Federal law enforcement officials are on the ground in Brussels, the White House confirmed Thursday, according to Politico.
“Belgium has accepted our assistance,” White House deputy national security adviser Ben Rhodes told reporters at a news conference, after the Obama administration offered assistance to Belgian authorities following last week’s terrorist attacks that killed more than 30 people and injured hundreds more.
“We have FBI teams on the ground assisting with the investigation. We are sharing information and intelligence with Belgium as it relates to terrorist threats,” Rhodes added.
He said that Belgian Interior Minister Jan Jambon will meet with Attorney General Loretta Lynch during the Nuclear Security Summit, a two-day event in Washington that kicked off Thursday, to discuss U.S. cooperation with Belgium.
President Barack Obama is expected to discuss the effort to combat the Islamic State (ISIS), which claimed the Brussels bombings, with foreign leaders on Friday.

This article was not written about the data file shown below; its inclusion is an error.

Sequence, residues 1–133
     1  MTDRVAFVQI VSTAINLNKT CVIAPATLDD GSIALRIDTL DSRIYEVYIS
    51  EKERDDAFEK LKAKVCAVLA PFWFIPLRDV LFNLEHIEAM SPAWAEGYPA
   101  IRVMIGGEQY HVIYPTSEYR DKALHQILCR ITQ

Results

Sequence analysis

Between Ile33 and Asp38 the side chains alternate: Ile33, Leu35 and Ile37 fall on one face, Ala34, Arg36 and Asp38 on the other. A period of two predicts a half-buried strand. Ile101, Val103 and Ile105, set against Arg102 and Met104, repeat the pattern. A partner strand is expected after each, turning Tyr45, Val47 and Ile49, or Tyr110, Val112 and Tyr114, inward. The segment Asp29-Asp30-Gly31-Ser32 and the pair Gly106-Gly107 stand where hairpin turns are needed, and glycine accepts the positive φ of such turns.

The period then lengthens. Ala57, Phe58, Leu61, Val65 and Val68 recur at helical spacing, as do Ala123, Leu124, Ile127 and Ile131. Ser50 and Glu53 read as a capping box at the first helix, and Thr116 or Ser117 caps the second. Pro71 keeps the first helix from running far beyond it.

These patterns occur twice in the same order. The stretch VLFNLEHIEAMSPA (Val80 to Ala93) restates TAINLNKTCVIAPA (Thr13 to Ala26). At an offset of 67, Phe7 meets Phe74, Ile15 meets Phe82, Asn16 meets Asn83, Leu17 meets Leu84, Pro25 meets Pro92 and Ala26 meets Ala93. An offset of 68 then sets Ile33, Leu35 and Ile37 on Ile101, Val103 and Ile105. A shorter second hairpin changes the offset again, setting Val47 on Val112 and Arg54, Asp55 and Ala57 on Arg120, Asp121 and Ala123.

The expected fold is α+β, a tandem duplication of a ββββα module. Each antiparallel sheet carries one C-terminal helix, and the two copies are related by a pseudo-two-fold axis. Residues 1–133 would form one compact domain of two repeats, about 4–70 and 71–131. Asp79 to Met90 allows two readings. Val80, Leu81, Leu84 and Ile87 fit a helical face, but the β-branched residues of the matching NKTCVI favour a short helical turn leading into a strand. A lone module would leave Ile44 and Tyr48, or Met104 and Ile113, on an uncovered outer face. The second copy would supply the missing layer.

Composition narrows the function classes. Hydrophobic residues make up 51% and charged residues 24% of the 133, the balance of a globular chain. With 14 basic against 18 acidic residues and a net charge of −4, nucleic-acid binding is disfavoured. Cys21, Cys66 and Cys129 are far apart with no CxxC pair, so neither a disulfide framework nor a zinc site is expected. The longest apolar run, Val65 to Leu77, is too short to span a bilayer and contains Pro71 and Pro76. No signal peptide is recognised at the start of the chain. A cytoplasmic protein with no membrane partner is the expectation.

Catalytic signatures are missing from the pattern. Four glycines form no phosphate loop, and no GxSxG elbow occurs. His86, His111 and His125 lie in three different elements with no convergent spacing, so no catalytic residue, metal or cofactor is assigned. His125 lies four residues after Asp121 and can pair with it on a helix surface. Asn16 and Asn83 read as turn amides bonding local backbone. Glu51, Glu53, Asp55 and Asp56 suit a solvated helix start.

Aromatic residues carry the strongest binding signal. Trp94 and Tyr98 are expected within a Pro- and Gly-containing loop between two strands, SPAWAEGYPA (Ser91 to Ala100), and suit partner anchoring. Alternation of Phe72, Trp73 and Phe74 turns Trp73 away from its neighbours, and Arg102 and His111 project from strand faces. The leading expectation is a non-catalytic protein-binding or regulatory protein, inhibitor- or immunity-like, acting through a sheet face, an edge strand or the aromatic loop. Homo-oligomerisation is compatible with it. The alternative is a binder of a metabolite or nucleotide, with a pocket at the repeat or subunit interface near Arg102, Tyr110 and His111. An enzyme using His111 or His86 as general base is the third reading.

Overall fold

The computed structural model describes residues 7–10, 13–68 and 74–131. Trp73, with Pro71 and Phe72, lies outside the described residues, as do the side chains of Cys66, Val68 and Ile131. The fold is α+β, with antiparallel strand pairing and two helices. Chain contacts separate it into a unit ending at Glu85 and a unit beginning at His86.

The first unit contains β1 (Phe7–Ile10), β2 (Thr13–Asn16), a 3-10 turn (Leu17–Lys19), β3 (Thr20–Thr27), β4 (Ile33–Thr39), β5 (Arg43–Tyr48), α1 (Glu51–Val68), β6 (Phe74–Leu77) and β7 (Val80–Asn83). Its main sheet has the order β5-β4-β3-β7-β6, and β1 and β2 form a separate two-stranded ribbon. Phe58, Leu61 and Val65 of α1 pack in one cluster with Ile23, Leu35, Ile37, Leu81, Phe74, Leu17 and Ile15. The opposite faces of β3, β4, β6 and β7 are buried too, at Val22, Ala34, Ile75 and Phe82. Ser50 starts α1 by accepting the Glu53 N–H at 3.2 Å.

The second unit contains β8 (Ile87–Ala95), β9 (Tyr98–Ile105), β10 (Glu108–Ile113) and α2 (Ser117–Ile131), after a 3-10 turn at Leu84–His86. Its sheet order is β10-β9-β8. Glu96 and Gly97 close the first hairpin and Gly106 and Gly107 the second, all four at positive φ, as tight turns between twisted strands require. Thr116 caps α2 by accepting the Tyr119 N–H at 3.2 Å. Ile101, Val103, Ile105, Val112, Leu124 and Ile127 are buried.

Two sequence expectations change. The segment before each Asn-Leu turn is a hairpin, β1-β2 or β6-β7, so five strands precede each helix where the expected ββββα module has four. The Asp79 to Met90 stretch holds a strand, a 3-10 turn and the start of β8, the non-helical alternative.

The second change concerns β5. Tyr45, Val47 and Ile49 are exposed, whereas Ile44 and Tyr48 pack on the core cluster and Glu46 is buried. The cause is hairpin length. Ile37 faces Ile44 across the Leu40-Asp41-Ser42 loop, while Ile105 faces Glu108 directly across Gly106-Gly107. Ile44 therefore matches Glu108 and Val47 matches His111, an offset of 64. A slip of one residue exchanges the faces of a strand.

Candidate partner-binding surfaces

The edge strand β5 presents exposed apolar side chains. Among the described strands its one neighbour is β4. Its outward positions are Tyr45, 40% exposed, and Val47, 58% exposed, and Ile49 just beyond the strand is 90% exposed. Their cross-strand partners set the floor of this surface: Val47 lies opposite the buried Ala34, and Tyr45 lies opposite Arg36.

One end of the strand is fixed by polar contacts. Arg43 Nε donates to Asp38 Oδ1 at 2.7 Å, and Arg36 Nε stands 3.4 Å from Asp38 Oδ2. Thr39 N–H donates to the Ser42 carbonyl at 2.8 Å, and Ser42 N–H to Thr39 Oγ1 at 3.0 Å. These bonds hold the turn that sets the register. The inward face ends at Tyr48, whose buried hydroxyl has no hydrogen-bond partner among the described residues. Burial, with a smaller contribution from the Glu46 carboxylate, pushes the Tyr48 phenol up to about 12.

“I would expect this to be a major focus of the discussion that the leaders are going to have tomorrow about the counter-ISIL campaign,” said Rhodes, according to Politico, adding that the U.S. has made “good progress” in intensifying airstrikes and pressure on the Islamic State in Iraq and Syria and providing equipment to ground forces.
“We also believe it’s critically important that we’re working to disrupt plots, given ISIL’s effort to move to more external plotting in Europe and other parts of the world,” he said, using an alternative acronym for ISIS and citing discourse on information sharing and aligning procedures to track foreign fighters who may be leaving Iraq and Syria as key points of emphasis.
“This is really one of the principal purposes of having a counter-ISIL discussion here tomorrow, not just to review the offensive campaign against ISIL but also to review how we can better disrupt plots through collaboration.”
News of the FBI’s assistance in the investigation follow reports last week that two brothers who carried out the attacks were known to American government agencies before the attacks and were both on United States government counter-terrorism watch lists.
In fact, the Dutch interior minister said on Tuesday that the FBI had told Dutch police that the two were being sought by Belgian authorities a week before the pair blew themselves up in Brussels.
Other reports have indicated that Belgium received advanced warnings of the terrorist attacks but did not act on those warnings.